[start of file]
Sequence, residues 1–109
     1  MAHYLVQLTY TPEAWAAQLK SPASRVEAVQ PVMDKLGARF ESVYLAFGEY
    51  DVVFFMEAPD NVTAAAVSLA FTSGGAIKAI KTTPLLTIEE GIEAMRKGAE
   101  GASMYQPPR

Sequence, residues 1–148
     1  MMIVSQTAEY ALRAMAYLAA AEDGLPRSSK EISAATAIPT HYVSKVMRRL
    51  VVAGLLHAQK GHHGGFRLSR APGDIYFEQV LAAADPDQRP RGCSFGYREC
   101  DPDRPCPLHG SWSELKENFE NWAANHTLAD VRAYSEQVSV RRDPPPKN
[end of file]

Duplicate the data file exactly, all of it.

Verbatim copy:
Sequence, residues 1–109
     1  MAHYLVQLTY TPEAWAAQLK SPASRVEAVQ PVMDKLGARF ESVYLAFGEY
    51  DVVFFMEAPD NVTAAAVSLA FTSGGAIKAI KTTPLLTIEE GIEAMRKGAE
   101  GASMYQPPR

Sequence, residues 1–148
     1  MMIVSQTAEY ALRAMAYLAA AEDGLPRSSK EISAATAIPT HYVSKVMRRL
    51  VVAGLLHAQK GHHGGFRLSR APGDIYFEQV LAAADPDQRP RGCSFGYREC
   101  DPDRPCPLHG SWSELKENFE NWAANHTLAD VRAYSEQVSV RRDPPPKN